A strangely heady brew, this; an album that knows not its place in high-street store racks, nor in the hearts of those that clasp it closest to their chests. Deerhunter is, on paper, a quintet from Atlanta, Georgia; when channelled through stereo cables and speaker cones, though, they’re so much more than a mere assemblage of constituent parts.
This is music on a par with Drum’s Not Dead-period Liars – mixed and messed up, uncertain of its specific role in the music world, but undoubtedly achieving something through doing a whole lot of weirdness that, at times, drones like next to nothing. The trick is that Deerhunter pull off their soundscape moments with considerable beauty – like so many other acts that’ve found a home on Krany these last whatever years, their drifting shards of melody glitter and glow under a blazing sun of scrutiny, never once losing a sheen of magnificence.
When the five-piece pull their gloves off things get pumping: Deerhunter are no one-trick ponies, content to craft enveloping arrangements that head nowhere and are wholly unhurried. At times the dancing shoes get dusted off and eleven gears are shifted through – what was a record of immersion twists and spits the listener out onto a damp street corner, a flickering lamppost overhead illuminating jerks and jives, impossible to control under such conditions. Again, let’s return to Liars – like the Berlin via NYC trio, Deerhunter sink deep into wide grooves from time to time, sending the listener spinning into a trance. ‘Lake Somerset’ is just one example of this.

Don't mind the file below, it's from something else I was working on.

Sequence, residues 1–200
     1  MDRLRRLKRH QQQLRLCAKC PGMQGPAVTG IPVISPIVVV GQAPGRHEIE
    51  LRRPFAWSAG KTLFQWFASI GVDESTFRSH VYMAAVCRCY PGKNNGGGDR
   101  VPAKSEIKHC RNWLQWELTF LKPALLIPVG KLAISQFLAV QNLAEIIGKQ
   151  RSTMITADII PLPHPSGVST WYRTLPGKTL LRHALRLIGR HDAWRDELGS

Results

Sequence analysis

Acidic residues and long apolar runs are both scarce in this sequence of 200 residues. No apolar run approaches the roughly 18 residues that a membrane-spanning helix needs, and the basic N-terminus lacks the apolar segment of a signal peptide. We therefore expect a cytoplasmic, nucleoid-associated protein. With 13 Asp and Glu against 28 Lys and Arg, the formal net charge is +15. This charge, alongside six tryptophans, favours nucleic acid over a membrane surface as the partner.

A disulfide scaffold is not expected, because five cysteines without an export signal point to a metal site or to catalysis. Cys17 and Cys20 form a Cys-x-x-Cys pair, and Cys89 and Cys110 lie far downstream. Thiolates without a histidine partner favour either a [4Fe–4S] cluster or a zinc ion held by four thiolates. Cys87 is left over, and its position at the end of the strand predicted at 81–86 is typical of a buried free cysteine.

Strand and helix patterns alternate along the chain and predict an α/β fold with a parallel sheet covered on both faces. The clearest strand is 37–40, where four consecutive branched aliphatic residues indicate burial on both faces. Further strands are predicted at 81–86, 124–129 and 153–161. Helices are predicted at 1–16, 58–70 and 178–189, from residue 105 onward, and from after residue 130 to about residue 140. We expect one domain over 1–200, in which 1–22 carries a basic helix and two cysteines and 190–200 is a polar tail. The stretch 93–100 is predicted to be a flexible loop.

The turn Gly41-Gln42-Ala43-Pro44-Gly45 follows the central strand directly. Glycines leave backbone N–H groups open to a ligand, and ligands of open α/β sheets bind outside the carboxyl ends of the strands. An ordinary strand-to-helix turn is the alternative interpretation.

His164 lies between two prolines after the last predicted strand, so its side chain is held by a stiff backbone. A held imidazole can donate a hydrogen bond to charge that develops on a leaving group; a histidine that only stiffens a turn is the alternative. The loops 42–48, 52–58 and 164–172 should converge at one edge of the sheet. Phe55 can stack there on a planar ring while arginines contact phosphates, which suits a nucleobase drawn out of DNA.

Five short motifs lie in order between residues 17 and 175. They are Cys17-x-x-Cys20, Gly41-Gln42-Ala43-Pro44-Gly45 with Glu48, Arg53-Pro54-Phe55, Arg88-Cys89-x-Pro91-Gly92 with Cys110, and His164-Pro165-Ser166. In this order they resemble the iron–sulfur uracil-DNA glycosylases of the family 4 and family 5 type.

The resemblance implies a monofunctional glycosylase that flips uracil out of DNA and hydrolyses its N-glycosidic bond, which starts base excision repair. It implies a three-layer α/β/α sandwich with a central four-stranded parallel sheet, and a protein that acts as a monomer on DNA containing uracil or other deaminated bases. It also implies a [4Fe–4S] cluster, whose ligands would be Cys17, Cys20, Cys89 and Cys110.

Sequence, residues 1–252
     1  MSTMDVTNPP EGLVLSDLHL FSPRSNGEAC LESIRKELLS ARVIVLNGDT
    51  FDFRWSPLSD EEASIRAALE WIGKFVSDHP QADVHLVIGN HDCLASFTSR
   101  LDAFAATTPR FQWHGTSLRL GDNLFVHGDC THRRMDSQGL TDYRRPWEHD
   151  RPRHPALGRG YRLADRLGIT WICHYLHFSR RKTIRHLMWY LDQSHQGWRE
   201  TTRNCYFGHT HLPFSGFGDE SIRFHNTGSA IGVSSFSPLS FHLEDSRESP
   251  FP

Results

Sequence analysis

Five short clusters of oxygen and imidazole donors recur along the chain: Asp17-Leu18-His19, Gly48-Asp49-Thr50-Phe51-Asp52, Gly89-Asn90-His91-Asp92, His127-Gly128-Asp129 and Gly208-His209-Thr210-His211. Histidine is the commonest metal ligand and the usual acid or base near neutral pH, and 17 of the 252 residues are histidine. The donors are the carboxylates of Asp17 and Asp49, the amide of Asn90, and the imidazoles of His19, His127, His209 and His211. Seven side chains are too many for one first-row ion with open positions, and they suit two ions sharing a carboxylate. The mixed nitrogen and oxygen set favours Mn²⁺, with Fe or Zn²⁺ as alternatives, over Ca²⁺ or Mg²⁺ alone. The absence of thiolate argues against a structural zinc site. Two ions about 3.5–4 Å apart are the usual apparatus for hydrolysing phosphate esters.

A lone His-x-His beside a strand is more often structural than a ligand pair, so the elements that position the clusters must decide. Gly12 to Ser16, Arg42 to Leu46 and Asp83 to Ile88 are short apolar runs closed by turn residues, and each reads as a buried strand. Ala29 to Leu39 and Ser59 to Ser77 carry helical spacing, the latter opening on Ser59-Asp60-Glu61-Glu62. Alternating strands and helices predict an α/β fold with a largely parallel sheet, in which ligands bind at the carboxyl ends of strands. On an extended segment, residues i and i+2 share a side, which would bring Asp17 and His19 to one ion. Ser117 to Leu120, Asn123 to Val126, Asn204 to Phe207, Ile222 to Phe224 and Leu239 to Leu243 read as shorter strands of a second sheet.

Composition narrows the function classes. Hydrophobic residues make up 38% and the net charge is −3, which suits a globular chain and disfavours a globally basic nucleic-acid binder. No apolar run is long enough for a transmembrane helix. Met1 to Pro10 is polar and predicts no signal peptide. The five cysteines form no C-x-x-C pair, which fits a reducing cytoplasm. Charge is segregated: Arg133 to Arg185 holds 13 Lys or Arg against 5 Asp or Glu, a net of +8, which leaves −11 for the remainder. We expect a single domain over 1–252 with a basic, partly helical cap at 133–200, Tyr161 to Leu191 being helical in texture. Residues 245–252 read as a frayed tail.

Recorded in two sessions though it was – the wonderfully warm-feeling ‘Red Ink’ being the dividing line – Cryptograms nevertheless sounds absolutely coherent; the sequencing allows the listener space to breathe at the most opportune moments, and its leaps from ambience into adrenaline-soaked enthusiasm for hand-clap-happy high-jinx are worthy of celebration. The dip in and out sort of alternative music fan could call this a further leftfield take on the _Funeral _template – a little sadness, some glee, and everything wrapped up in a strikingly attractive package.
Those of a more discerning nature will need no obvious boxing of impossible-to-pigeonhole material, and will more than likely already have this on their To Buy list. Cryptograms is fantastically fun to dive into – really, don’t delay in doing so.
8Mike Diver's Score